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From flirting rules to not being your therapist, your local bartender needs you to know these unspoken rules of the bar. As a way to make the night not only better for your bartender, but for your quality of service, it is important to recognize the needs of your bartenders.
It's always a great idea to put yourself in other service workers' shoes. Next time you're ordering a drink at the bar, keep in mind these things every bartender wished customers understood.
I don't want you to buy me a shot.
Though it might seem like a great idea, as many ideas seem when you've had a few drinks, but no matter how well the night is going, and how nice I am being to you, that is my job. And buying me a shot will only make things a bit uncomfortable and unnecessary. The first on my list of the things every bartender wished customers understood, please don't buy me a shot.
If you would really like to buy me a drink, this should be done after I finish my shift, not when I'm obviously on the clock. And to be completely honest, if I wanted a shot, I'd simply pour myself one. Though bartenders would never drink on the job...
I can't help you with your emotional problems.
We've all been there, what seemed like it would be a night filled with fun, turned you into a drunken emotional mess. And though your bartender might look like a therapist to you through your beer goggles, one of the number one things every bartender wished customers understood, they cannot help you with your emotional problems.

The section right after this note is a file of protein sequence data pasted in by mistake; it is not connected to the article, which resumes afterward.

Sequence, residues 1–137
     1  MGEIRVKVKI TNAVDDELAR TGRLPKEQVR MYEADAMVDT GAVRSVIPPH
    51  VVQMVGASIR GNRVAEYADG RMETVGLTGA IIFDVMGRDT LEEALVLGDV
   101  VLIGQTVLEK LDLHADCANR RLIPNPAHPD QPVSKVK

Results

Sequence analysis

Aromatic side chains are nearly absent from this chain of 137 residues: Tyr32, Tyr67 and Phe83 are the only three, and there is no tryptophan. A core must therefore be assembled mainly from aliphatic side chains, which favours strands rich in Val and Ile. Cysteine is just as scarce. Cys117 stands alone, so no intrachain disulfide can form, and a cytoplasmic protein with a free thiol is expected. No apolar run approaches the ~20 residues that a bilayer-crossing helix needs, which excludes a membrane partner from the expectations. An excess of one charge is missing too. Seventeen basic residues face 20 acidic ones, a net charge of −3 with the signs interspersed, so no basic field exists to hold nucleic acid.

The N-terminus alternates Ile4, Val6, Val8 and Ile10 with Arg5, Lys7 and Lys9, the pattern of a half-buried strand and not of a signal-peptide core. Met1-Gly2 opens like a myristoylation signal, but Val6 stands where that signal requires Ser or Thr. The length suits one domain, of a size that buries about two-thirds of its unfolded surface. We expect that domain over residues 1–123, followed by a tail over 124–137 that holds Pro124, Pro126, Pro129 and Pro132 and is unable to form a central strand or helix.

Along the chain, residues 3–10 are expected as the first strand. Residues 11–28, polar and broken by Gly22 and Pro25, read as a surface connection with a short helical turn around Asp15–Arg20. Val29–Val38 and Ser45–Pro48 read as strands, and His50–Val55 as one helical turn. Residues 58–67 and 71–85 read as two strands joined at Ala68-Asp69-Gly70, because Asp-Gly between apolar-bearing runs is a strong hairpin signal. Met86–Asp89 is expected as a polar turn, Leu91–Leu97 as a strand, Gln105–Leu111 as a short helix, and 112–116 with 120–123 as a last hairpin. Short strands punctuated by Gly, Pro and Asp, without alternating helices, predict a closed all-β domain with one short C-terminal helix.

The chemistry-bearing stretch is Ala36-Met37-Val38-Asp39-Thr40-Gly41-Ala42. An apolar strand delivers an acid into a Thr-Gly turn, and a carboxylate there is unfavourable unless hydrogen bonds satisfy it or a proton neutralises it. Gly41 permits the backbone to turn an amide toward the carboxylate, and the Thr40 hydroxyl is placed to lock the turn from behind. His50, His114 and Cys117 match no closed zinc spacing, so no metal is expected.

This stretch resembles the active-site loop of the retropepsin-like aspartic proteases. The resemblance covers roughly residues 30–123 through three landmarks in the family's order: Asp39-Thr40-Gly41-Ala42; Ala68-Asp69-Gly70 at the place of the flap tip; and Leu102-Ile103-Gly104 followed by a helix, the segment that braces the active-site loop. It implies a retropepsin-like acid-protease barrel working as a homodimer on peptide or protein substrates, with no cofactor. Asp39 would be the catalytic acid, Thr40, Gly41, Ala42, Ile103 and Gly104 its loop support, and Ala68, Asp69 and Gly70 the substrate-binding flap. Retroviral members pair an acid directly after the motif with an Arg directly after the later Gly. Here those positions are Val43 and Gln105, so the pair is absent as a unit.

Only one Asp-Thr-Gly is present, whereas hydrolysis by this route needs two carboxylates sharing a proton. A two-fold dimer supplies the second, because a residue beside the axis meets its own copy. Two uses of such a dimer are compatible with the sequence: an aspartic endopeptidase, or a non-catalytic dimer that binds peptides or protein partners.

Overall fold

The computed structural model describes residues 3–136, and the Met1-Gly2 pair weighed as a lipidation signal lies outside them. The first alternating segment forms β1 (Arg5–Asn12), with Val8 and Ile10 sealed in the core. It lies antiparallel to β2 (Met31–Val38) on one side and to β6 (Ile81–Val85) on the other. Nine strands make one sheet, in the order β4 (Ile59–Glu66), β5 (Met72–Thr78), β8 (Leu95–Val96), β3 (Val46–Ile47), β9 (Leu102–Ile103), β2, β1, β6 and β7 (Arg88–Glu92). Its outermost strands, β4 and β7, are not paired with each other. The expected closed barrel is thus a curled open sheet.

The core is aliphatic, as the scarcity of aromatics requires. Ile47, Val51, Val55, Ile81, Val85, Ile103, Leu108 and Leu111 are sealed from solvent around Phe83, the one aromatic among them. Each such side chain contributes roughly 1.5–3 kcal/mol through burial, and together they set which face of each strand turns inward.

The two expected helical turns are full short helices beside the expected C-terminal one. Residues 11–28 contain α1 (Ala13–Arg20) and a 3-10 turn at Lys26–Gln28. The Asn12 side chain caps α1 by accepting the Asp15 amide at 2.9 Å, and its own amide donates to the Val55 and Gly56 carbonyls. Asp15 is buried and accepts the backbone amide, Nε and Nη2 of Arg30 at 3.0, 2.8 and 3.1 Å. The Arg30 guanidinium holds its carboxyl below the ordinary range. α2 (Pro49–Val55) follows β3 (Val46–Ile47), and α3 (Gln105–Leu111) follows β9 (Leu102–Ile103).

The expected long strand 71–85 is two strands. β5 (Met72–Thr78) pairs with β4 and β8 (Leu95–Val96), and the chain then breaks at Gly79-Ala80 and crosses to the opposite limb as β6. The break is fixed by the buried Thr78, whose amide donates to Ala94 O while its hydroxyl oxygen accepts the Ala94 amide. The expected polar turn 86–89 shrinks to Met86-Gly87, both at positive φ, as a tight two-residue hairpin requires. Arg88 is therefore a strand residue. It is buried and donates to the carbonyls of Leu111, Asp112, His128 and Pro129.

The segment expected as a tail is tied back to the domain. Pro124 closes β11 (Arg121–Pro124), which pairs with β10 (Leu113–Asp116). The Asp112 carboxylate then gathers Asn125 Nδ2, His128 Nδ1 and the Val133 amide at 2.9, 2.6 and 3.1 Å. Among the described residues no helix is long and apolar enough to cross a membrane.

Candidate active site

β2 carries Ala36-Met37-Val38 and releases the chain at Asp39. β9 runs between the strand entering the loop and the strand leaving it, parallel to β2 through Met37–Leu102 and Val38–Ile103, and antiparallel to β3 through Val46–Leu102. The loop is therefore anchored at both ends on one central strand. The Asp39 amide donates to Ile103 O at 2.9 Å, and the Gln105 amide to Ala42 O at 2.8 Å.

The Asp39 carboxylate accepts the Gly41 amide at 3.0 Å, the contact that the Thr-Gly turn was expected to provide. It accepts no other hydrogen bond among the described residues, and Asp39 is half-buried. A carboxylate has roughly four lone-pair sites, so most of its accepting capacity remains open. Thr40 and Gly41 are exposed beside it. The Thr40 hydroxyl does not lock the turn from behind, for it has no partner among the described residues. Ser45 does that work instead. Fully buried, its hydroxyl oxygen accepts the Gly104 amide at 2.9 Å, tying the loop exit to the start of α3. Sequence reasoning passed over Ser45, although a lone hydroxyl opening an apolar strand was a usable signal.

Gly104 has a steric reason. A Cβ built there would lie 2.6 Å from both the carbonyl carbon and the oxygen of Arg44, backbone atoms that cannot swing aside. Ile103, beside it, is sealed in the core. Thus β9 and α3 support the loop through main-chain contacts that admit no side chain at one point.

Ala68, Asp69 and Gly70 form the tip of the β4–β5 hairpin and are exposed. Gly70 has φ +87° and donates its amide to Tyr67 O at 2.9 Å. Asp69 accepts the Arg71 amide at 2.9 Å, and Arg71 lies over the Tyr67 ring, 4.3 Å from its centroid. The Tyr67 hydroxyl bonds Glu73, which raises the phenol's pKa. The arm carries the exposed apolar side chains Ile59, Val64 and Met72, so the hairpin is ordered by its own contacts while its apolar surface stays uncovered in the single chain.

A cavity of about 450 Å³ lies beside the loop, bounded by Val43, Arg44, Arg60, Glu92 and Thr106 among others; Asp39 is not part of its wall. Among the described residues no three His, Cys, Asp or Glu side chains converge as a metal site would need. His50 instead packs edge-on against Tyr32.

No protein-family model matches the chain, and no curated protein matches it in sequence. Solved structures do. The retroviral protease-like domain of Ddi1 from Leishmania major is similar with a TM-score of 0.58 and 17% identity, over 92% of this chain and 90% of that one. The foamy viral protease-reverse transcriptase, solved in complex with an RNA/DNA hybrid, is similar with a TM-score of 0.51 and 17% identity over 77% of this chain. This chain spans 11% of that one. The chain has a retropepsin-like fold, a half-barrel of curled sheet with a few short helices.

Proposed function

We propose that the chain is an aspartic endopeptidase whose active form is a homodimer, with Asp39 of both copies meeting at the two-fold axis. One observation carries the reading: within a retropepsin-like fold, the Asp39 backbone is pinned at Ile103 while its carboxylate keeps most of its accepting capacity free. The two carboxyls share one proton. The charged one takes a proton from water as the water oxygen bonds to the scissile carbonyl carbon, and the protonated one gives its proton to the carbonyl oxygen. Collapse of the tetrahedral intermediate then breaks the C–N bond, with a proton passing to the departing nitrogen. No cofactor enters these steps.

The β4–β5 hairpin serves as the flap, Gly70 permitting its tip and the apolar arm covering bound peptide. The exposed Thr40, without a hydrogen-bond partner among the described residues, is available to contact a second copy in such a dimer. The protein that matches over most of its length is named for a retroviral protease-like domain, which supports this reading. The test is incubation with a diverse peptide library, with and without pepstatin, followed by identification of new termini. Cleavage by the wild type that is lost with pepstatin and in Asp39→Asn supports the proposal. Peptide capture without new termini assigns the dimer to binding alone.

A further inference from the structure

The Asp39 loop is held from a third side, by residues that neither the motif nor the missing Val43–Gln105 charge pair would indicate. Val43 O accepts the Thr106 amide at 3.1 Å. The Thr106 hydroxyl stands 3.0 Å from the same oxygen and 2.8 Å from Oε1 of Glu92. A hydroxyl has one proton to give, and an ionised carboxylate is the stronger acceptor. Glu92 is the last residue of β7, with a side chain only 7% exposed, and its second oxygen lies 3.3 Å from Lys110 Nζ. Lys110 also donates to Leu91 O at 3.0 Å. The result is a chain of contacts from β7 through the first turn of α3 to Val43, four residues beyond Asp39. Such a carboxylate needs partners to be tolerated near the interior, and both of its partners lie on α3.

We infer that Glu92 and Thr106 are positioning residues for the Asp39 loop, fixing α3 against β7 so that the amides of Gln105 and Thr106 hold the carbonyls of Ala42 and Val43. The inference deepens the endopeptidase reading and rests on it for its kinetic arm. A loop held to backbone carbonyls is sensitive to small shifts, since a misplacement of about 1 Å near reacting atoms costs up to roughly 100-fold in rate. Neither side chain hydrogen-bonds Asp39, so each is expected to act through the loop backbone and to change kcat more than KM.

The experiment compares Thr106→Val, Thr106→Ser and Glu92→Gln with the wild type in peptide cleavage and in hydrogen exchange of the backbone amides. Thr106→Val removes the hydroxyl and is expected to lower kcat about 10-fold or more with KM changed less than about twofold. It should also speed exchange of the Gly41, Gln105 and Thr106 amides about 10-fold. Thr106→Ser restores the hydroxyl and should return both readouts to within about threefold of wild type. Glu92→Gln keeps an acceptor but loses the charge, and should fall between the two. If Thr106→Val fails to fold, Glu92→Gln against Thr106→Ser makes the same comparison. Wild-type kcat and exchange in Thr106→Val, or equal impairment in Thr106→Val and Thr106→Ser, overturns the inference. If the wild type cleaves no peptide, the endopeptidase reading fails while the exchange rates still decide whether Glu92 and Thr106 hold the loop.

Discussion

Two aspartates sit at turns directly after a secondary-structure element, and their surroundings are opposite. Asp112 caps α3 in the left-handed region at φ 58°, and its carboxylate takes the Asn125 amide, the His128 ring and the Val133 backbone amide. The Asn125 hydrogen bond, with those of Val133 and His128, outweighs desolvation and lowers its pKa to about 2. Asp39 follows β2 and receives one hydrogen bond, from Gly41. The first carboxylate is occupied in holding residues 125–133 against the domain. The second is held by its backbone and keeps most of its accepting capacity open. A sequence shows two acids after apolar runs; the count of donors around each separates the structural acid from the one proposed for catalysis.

This goes for dating advice, deep conversations, or even crying, bartenders have a job to do, and it has nothing to do with providing you therapy. There is nothing wrong with having lighthearted banter, but alcohol tends to release the person in you who loves to share, and loves to be over-emotional. Let's save that for the women's bathroom, or even better, on the Uber ride home. Though I would love to help, there are just way too many things I have to do throughout the night.
I'm not hitting on you.
Please don't refer to me as "sweetie," "honey," or anything similar, as a way to get my attention. What it will do for you is remind me to make a mental note to not immediately get to you when you need a drink, and focus my attention elsewhere when you're trying to strike up a conversation. Just please don't hit on me while I'm on the job.
It's uncomfortable, and makes my job much more stressful. I don't want to spend my night trying to avoid giving you the wrong message, and simply being nice to customers does not mean I'm hitting on you.
Please don't hand me folded cash.
A small thing every bartender wished customers understood, but handing me folded cash is one of the most simple ways to piss off a bartender. I know it only takes a second for me to unfold your cash, but if you would have done so in the first place, it would make my job much easier and my pace much faster.
And this is especially true with crumpled up cash that was clearly just sitting in the bottom of your pockets. It takes a few seconds, and it won't piss off your bartender. Which means you have a more likely chance to get their attention better next time you need a drink.
Please do tip me.
This is a thing that bartenders need you to understand to benefit both you and me. Tipping is important for bartenders because this is what we rely on to make an income. Much like other serving jobs, your bartenders are not being money hungry when they assume you're going to tip them. And simply a dollar tip is very appropriate for a cheap drink, but be sure to keep it consistent if you like to order fancy $15 drinks.